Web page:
“The world once used to run upon their transmission—the lubricant of human interaction and the freefall of ideas, the silent conduit of the worthy and the incidental, the time we were coming for dinner, the account of our marvelous day, the weightiest joys and sorrows of love. It must have seemed impossible that their worth would ever be taken for granted or swept aside. A world without letters would surely be a world without oxygen….The recent decline in letter writing marks a cultural shift so vast that in the future historians may divide time not between BC and AD but between the eras when people wrote letters and when they did not.”

Garfield’s book attempts to recover the lost art of letter writing today in order to “create a form of expression, emotion, and tactile delight we may clasp to our heart.” I suggest pastors should do the same by supplementing their preaching, blogging, tweeting, and the daily routine of short, hurried email exchanges with the practice of thoughtful pastoral letter writing. Whether it be handwritten letters or a more thoughtful emails, this is one relatively simple way for shepherds to bless their people with a tangible “expression, emotion and tactile delight”—something they can “clasp to [their] heart” and carry with them longer than the fading memory of the latest sermon.

Pastors are equally at risk of letting more efficient forms of connectivity diminish the personal nature and relational quality of our ministry. Many Pastors today broadcast their thoughts all week long through a sermon podcast, blog, and Twitter, but are they finding ways to engage their flock in more personal ways? Consider the pastoral implications of podcasting “disembodied” sermons to a nameless, faceless mass of people “out there” somewhere who lack any relationship with a pastor. A megachurch pastor might have 50,000+ people downloading their sermons each week, but they have personally met only a handful of them ever. Many of these ear-bud Christians, to echo Jesus, are confused and helpless, like podcast subscribers without a pastor (cf. Matt 9:36). They are being “fed” weekly but are they truly known by a caring Shepherd?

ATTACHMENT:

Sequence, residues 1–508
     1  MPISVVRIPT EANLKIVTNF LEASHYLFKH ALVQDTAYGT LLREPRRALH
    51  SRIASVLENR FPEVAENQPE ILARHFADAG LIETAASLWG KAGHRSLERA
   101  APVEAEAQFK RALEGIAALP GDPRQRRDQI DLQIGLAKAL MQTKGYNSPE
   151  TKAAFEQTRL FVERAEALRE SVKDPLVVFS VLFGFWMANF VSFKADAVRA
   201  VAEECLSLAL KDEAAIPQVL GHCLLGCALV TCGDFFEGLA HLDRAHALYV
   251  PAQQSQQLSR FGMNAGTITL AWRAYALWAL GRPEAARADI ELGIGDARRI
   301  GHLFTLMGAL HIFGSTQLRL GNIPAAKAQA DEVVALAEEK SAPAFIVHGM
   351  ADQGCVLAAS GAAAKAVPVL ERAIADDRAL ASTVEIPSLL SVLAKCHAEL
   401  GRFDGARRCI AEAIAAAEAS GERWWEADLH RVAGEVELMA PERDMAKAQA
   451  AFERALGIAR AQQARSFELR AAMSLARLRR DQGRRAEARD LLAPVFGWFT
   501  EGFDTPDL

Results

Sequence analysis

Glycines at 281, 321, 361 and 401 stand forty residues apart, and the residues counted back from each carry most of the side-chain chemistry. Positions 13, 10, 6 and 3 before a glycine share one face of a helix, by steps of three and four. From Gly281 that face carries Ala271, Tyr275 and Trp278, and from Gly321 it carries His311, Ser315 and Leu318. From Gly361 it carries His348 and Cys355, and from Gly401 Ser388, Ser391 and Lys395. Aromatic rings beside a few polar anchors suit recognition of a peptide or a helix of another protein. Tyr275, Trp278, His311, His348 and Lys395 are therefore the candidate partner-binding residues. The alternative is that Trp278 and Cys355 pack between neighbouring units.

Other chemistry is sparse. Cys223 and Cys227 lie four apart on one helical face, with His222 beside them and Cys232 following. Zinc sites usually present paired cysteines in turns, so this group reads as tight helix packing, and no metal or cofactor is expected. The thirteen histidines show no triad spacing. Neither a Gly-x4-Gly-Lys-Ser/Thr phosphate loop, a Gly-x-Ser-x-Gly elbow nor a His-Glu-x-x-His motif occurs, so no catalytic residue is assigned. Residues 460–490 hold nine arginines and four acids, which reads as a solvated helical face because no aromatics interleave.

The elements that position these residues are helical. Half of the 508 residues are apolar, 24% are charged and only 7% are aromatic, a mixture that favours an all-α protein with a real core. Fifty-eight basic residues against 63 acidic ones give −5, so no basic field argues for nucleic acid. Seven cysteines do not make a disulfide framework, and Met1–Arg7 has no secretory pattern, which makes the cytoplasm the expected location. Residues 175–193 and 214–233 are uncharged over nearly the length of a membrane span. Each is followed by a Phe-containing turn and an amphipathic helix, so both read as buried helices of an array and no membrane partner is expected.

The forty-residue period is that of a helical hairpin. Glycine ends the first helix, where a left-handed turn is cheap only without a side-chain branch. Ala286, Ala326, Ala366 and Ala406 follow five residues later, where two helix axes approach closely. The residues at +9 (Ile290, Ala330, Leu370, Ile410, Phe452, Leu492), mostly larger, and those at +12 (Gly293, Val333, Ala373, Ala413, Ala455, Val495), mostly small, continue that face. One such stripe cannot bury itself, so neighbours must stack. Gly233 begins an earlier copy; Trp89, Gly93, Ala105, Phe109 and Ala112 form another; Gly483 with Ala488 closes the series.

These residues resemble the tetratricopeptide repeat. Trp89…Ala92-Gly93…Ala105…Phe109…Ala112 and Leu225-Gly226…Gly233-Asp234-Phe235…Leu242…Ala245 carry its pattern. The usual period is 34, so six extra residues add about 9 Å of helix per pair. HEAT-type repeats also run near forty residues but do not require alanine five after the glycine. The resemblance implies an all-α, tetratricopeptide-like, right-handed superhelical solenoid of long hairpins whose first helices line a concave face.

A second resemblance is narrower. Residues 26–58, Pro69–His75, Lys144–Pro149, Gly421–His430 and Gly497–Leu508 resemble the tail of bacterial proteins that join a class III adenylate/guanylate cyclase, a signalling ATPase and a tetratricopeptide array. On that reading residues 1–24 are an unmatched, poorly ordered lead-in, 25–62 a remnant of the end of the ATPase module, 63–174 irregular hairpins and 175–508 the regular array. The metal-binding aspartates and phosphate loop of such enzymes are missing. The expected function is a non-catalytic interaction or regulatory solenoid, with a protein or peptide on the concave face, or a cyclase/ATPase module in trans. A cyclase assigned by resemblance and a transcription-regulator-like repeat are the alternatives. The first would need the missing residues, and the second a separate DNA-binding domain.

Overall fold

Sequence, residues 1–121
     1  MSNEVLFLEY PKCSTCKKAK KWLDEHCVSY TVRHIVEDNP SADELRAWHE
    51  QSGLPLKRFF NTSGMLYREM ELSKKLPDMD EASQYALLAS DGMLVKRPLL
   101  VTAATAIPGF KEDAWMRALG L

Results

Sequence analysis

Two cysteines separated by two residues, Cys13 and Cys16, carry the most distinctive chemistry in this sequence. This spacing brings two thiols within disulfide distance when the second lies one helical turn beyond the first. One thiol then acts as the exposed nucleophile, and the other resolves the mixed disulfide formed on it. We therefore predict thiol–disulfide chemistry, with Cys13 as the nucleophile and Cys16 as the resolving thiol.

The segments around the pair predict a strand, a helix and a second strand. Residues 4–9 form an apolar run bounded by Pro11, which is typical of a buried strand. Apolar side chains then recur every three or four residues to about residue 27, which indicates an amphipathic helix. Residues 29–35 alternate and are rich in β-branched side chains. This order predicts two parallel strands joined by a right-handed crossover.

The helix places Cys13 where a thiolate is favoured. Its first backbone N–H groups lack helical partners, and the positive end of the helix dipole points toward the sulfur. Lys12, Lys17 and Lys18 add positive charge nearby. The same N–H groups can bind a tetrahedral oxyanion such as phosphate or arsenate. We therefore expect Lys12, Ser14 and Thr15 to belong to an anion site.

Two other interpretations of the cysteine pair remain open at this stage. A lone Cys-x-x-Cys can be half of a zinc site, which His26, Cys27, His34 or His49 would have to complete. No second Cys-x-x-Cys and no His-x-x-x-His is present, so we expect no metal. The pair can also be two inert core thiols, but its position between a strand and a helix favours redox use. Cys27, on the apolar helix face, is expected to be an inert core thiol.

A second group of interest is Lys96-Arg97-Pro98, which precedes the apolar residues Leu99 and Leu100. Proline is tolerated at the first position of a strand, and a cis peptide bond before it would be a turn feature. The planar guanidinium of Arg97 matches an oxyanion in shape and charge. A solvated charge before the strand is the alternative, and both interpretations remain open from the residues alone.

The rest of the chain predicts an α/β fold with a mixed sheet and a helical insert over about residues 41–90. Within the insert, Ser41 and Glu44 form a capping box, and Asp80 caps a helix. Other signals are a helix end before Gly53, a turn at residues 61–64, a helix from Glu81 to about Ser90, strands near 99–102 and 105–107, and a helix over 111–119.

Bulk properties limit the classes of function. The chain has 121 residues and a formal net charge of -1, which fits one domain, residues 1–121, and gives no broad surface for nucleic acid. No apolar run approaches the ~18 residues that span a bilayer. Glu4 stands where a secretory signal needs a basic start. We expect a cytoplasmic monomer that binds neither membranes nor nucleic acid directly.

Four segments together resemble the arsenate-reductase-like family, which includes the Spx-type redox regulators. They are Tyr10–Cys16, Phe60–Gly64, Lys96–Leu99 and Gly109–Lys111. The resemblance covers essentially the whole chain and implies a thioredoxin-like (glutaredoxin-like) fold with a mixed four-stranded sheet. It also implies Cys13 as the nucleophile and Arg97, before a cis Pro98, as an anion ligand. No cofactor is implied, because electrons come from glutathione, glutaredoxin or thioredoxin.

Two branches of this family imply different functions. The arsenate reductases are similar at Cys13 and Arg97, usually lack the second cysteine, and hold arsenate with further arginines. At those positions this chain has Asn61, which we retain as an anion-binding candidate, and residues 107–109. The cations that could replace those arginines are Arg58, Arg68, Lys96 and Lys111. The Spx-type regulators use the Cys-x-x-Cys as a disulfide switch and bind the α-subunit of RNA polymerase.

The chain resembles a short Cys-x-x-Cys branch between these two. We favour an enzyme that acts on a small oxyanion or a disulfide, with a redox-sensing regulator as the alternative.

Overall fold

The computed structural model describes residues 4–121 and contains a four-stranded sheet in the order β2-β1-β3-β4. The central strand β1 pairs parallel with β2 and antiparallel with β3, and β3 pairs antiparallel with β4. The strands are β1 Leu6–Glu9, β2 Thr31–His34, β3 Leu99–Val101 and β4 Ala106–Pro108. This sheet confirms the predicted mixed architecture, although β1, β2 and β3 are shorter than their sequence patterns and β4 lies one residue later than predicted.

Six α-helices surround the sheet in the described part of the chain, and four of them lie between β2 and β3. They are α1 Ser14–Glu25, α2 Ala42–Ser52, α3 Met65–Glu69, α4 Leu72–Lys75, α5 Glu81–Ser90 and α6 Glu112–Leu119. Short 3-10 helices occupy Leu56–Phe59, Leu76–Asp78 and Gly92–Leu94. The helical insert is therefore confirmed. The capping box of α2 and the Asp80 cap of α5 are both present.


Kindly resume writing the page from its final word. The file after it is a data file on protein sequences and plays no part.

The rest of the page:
In one of his last interviews, Eugene Peterson offered sage advice to young pastors: “I don’t think you can help anyone live a congruent life without knowing their name. How can you be personally involved in someone’s life and not know who their children are, who their spouses are, or the trials they go through every day? It just doesn’t work.”

Before we protest that this kind of intimacy is only possible in a small town-and-country congregation, Peterson says, “If you’re content to stay with one congregation for a while, you could have a congregation of four, five, six hundred, and still know everyone. I had a congregation of 600, and I knew everybody’s name.” Whether pastoring a church of 50 or 5,000, one way to begin engaging some of your people by name is through an intentional rhythm of pastoral letter writing.

Next time I will offer some practical benefits of pastoral letter writing for ministry today.